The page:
Young and homeless reports explore the reasons young people become homelessness, the support available to them, and areas where improvements should be made.
Sharing experiences on shared accommodation
For those in receipt of housing benefit, and therefore subject to the Shared Accommodation Rate, which limits how much housing benefit people under 35 can claim, access is proving very difficult. In some parts of the country it has become almost impossible for young people to find affordable accommodation.
Welfare reform has made the situation more difficult. Eligibility criteria for the Shared Accommodation Rate has changed to include anyone under the age of 35 (increased from 25), and the way in which the Shared Accommodation Rate is calculated and uprated has changed as well.
The impact on availability
The pressure on the housing market has increased, as more people try to access the same small pool of shared housing. As the gap between market rents and the Shared Accommodation Rate widens, people who are seeking rooms at housing benefit levels are finding themselves priced out of the rental market.
There are exemptions to the Shared Accommodation Rate, which allow some of the most vulnerable people to access self-contained accommodation. However, these exemptions are only available to a small number of tenants, and many vulnerable people are still forced to share accommodation.
Where shared accommodation can be found, it is such short supply that it is increasingly of a poor standard, and many people with support needs are having to move out of area, away from their support networks, families and friends.
For anyone with a history of homelessness, substance misuse, or mental or physical health issues, this can be an extremely daunting experience, likely to cause unnecessary additional stress.
With funding from the Department for Communities and Local Government (DCLG), Crisis has been running the Sharing Solutions Programme.
We fund and support eight private rented sector access schemes to trial different sharing arrangements for people who are homeless or vulnerably housed, promoting sustainable and replicable models of sharing.
The schemes are in a wide range of housing markets, and have to cater for a diverse range of people.
Improving property standards in shared accommodation
Schemes are working with partners to develop and promote non-financial incentives for landlords to encourage them to bring their properties up to standard. One scheme is working with local hostels to facilitate training for hostel guests, who can then carry out maintenance and decorating work on run down properties.
Better support for tenants in shared accommodation
Schemes are supporting people by providing more robust pre-tenancy training that focuses on the realities of living in shared accommodation.
Some schemes are engaging people through peer support, by training people already in shared accommodation to provide advice and guidance to new tenants.
Other schemes are working on models that support tenants in situ, empowering them to take ownership of their tenancy by becoming lead tenants in their shared houses. Lead tenants are responsible for the day to day management of their shared tenancies, by taking responsibility for, for example, rent collection, cleaning rotas, or house meetings. Incentives for lead tenants vary, but some schemes are offering a subsidised rent, or incentives in kind, such as purchasing furniture for the tenants to keep.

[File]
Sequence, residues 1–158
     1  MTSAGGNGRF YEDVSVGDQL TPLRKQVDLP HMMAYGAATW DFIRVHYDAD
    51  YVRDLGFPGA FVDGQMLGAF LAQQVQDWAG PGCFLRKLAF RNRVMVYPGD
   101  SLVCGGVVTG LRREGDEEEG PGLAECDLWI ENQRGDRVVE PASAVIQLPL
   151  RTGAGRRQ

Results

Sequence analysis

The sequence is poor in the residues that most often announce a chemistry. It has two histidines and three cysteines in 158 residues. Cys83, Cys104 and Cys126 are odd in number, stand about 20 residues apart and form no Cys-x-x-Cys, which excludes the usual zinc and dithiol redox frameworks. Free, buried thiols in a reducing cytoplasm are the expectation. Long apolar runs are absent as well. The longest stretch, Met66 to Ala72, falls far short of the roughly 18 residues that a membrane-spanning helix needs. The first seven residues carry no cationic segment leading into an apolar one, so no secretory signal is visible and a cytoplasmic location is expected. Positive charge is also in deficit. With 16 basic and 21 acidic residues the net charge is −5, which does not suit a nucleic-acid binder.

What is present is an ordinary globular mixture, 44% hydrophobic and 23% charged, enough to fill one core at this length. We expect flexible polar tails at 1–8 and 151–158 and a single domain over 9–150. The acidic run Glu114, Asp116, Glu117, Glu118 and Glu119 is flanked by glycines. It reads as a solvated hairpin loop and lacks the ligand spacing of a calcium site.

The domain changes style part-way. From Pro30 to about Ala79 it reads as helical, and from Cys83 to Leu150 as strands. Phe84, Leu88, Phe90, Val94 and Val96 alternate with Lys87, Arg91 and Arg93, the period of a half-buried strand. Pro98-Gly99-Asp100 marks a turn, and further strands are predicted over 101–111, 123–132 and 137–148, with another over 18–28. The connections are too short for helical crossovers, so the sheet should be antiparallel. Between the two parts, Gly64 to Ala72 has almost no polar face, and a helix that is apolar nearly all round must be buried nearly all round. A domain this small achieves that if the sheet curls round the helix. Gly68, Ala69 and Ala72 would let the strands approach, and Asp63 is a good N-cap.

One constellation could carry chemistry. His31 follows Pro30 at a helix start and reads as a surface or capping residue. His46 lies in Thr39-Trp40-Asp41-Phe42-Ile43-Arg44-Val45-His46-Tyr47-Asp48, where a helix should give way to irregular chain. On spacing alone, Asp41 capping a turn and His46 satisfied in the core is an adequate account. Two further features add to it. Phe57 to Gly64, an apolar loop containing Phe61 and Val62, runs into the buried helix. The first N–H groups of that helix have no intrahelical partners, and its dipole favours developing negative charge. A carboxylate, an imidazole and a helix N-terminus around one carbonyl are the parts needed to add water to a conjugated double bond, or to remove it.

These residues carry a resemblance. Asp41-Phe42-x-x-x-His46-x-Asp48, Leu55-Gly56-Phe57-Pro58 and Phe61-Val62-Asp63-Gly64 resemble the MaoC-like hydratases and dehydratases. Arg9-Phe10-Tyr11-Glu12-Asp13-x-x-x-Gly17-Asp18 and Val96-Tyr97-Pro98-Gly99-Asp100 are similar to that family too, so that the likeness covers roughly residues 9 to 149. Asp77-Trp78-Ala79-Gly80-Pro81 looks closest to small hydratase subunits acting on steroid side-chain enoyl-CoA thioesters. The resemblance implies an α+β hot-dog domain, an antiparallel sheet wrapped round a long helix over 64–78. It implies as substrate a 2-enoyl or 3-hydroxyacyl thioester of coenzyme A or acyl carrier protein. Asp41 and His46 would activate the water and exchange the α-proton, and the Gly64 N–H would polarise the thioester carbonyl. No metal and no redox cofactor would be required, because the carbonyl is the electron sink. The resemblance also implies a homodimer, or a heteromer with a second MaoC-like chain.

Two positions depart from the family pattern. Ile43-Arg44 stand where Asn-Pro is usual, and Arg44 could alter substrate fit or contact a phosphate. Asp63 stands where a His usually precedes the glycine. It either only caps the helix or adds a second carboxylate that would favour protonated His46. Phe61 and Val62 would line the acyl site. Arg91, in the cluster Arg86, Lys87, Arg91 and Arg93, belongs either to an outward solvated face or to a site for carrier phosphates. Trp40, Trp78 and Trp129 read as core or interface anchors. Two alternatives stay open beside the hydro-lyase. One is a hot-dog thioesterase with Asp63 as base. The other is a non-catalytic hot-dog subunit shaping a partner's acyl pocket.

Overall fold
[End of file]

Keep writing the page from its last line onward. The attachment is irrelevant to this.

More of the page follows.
Reducing risk aversion
Many schemes are countering the risk aversion that can often be a barrier to access, working with people who are particularly vulnerable or have a negative housing history.
In some areas, this involves trialling a model of ‘training flats’ for people who are not yet ready to live independently and who need more intensive pre-tenancy training and support to keep their home once they are in. These flats in the private rented sector provide people with shared accommodation for a maximum of six months, with the scheme then supporting them to move on to more independent shared accommodation.
The schemes are also working closely with local authorities and housing associations to access hard to let accommodation, or accommodation that was previously used to house families. They are also facilitating lodgings in social housing where existing tenants have been affected by the bedroom tax, as well as working with ex-student landlords to access void student accommodation.
Learning what works (and what doesn’t)
The Sharing Solutions Programme pilot is designed to find out what works in helping young people to access and sustain successful shared tenancies.
We are collecting and sharing good practice from the programme on our website.
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Sharing Solutions Project Officer, Crisis
Ella Wesolowicz works in the Crisis Housing team and leads on the Sharing Solutions Programme, a good practice programme which supports practitioners working with young people and accessing shared private rented accommodation. Ella has workied in housing for several years, with experience in the voluntary, private, and social housing sectors.
8 May 2018 - 10:50am
16 Apr 2018 - 8:00am
22 Jan 2018 - 12:04pm